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Can Healing Your Mind Boost Your Memory?

When someone you love is diagnosed with Alzheimer’s disease, you’ll do anything to help that person. Dr. Daniel Amen recounts a story that really brought this to light in his family:

I know because a number of years before David, a 62-year-old pastor, became my father-in-law, he was told he had Alzheimer’s disease.

I convinced my wife, Tana, that we should evaluate her dad and scan his brain. We’re so glad we did: It turned out that instead of Alzheimer’s, David had pseudodementia, a form of depression that masquerades as Alzheimer’s. The medications he was on at the time only worsened his symptoms. With treatment, David’s depression and mental confusion lifted and his life was renewed.

Mental illness is still such a taboo subject in the U.S., many people don’t know that depression, bipolar disorder, post-traumatic stress disorder (PTSD), chronic stress and other problems affecting the mind can wreak havoc on the brain and memory. A well-respected study on depressive symptoms and cognitive decline, for example, found that elderly women with six or more depressive symptoms had a 230 percent risk of cognitive deterioration. In fact, failing to seek early treatment for depression is one of the key factors that, if controlled, could prevent one in three cases of dementia, according to recent research published in the Lancet.

Getting your mind right is critical if you want to get your memory back, and your whole life will benefit—your energy, self-confidence, and outlook will all improve.  

You can heal your mental health issues and strengthen your memory by following Amen Clinics new BRIGHT MINDS Program. This research-based program identifies and provides treatment for the 11 risk factors that damage your mind and memory.

The risks are summed up in the words BRIGHT MINDS, which makes it simple to remember them:

B – Blood Flow

R – Retirement/Aging

I – Inflammation

G – Genetics

H – Head Trauma

T – Toxins


M – Mental Health

I – Immunity/Infection Issues

N – Neurohormone Deficiencies

D – Diabesity

S – Sleep Issues

The most important step is to get treated for any mental illness you may have. Schedule a visit to your health-care provider to discuss your mental health and decide whether you need to be evaluated by a local therapist or psychiatrist.

Addressing your problem doesn’t necessarily mean taking psychiatric drugs. At Amen Clinics we recommend natural treatments whenever possible. However, if they aren’t working, it’s important to consider medications. We have found that neurofeedback and transcranial magnetic stimulation (TMS) can also be helpful for depression and other mental health issues.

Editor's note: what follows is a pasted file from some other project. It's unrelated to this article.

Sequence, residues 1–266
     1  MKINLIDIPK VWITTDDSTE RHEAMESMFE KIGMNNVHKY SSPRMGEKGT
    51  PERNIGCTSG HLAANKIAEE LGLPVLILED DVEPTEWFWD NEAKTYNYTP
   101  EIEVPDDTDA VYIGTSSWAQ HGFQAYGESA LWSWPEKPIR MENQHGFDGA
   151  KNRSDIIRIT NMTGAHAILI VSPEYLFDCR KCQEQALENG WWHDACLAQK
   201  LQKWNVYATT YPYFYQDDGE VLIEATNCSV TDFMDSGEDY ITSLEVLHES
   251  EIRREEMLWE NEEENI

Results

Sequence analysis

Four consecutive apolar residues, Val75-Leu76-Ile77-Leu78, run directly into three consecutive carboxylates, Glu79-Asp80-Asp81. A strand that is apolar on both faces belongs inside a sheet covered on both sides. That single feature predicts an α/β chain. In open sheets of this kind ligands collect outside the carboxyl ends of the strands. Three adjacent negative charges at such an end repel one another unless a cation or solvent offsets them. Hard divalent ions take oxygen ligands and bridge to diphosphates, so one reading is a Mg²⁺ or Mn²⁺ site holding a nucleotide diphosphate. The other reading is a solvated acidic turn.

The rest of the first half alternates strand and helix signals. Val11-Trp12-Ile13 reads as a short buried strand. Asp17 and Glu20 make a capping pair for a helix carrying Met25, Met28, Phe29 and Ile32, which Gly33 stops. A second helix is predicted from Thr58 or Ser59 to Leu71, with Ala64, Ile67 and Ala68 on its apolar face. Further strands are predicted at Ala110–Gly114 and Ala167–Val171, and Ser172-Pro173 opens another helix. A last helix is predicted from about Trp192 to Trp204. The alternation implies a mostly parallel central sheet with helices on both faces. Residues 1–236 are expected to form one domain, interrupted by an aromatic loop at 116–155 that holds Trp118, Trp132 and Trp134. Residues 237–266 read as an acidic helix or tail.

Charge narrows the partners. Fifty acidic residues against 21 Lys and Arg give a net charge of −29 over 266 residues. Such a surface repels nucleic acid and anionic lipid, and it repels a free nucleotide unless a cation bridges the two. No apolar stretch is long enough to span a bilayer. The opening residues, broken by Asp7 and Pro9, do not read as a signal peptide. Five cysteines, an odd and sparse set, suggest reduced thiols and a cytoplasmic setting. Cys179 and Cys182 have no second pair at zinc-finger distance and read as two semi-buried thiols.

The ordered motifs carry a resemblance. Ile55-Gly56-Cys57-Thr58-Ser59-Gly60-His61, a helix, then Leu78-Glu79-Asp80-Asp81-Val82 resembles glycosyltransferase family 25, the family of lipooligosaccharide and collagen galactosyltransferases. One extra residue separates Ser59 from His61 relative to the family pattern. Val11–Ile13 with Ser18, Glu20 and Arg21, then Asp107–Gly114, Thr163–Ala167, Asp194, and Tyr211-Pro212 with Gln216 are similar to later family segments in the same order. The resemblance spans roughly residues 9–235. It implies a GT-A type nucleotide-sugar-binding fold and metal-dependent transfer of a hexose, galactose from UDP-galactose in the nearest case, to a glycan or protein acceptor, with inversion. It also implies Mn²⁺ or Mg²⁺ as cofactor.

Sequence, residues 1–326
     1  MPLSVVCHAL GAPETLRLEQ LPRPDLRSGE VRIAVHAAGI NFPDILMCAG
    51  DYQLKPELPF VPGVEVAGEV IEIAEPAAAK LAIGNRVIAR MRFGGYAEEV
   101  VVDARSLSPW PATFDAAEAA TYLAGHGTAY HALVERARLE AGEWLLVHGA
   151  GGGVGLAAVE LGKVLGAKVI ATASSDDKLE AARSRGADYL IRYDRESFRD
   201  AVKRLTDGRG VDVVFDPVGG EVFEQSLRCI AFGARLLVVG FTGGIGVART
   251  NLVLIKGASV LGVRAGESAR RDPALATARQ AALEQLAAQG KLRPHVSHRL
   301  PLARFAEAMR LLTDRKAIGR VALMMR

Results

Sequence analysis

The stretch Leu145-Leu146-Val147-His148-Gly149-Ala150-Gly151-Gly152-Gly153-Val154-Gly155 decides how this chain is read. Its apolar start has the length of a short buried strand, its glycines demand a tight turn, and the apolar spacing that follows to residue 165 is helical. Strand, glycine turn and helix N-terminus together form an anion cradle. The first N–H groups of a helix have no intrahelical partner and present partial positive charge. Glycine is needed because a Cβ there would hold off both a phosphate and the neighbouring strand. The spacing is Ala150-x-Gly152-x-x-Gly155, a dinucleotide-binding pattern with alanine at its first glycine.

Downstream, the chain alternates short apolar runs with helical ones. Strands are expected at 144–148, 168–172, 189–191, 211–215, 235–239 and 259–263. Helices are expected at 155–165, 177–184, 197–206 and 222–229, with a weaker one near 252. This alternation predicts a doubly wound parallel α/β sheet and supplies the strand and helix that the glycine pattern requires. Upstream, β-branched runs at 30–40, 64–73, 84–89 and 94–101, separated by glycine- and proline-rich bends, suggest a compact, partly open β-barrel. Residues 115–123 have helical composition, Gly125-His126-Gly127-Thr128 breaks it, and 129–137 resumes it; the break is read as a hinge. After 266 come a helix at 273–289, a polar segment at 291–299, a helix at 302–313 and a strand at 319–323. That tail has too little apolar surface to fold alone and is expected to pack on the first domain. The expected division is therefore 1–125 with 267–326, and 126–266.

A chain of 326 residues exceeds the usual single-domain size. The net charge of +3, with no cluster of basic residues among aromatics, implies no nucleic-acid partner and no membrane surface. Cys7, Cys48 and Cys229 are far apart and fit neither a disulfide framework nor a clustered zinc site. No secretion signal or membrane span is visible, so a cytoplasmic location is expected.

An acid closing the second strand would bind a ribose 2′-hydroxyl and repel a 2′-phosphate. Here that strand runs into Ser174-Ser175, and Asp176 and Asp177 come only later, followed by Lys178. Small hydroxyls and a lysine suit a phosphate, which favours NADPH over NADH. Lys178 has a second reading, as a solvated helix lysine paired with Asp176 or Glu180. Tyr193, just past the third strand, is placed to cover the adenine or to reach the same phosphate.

One lab test we recommend is the Omega-3 Index, which measures the red-blood-cell levels of EPA and DHA, two fatty acids critical to the brain and emotional health.

You can do a lot to improve your mental and emotional health. Here are easy steps to take:

Start every day with the phrase, “Today is going to be a great day”; positive self-talk has a powerful influence on the brain

  • Write down three things you are grateful for every day
  • Learn to meditate; a loving-kindness meditation is especially effective
  • Take a daily walk in nature
  • Stop the ANTs (automatic negative thoughts): When you’re feeling mad, sad, nervous or out of control, note down your negative thoughts and talk back to them
  • Take a good multivitamin/mineral, vitamin D, magnesium and an omega-3 EPA/DHA supplement daily

For general mental health support, use more saffron (which helps mood and memory), turmeric, peppermint and cinnamon (attention) in your cooking. And boost your diet for these specific issues:

  • If you’re a worrier or moody: Consider taking 5-HTP and saffron; eat more tryptophan-containing foods (eggs, turkey, seafood, chickpeas) with healthy carbs like sweet potatoes and quinoa
  • If you lack focus: Consider taking Rhodiola, Ashwagandha, and ginseng; have more dopamine-rich foods/drinks, such as turmeric, green tea, lentils, fish, lamb, chicken, turkey, beef, eggs, nuts and seeds, high protein veggies (broccoli, spinach) and protein powders
  • If you are anxious: Consider taking GABA and theanine; eat more GABA-rich foods, such as broccoli, almonds, walnuts, lentils, bananas, beef liver, brown rice, halibut, gluten-free whole oats, oranges, rice bran and spinach

In the video below, Dr. Daniel Amen discusses toxins and the role they play in rescuing your memory today!

Be vigilant about your brain health and you could be rewarded with excellent recall and many dementia-free years. To learn more about Amen Clinics Memory Program based on Dr. Amen’s BRIGHT MINDS approach, check it out HERE.

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COMMENTS

  1. Amanda says:

    Hi Dr. Amen, (and clan!)…

    I listen to your podcasts daily and I am a fan – to say the least!

    A little about me, I am very anxious and I had bouts of rage… I bought your Gaba Calming support… and week 1, I have to say, I feel great!

    While researching Gaba, I have heard mixed reviews about “blood brain barrier” and “leaky brain” and “leaky gut.” Are these things to be concerned about? I am only taking one pill a day so far.

    Thanks!

    Amanda M.
    amandamaiorano23@Yahoo.com

  2. Jorge Lamadrid says:

    Would like more information

  3. Dora says:

    my son thinks I have depression=I worry about everything and I cry for no apparent reason. I have your dvd’s and books from PBS,

  4. Walt Gorin says:

    My 5 year old granddaughter bursts into fits of crying and is aggresssive at times while other girls on her soccer team are happy and having a good time playing the game
    She lives in Nashville TN

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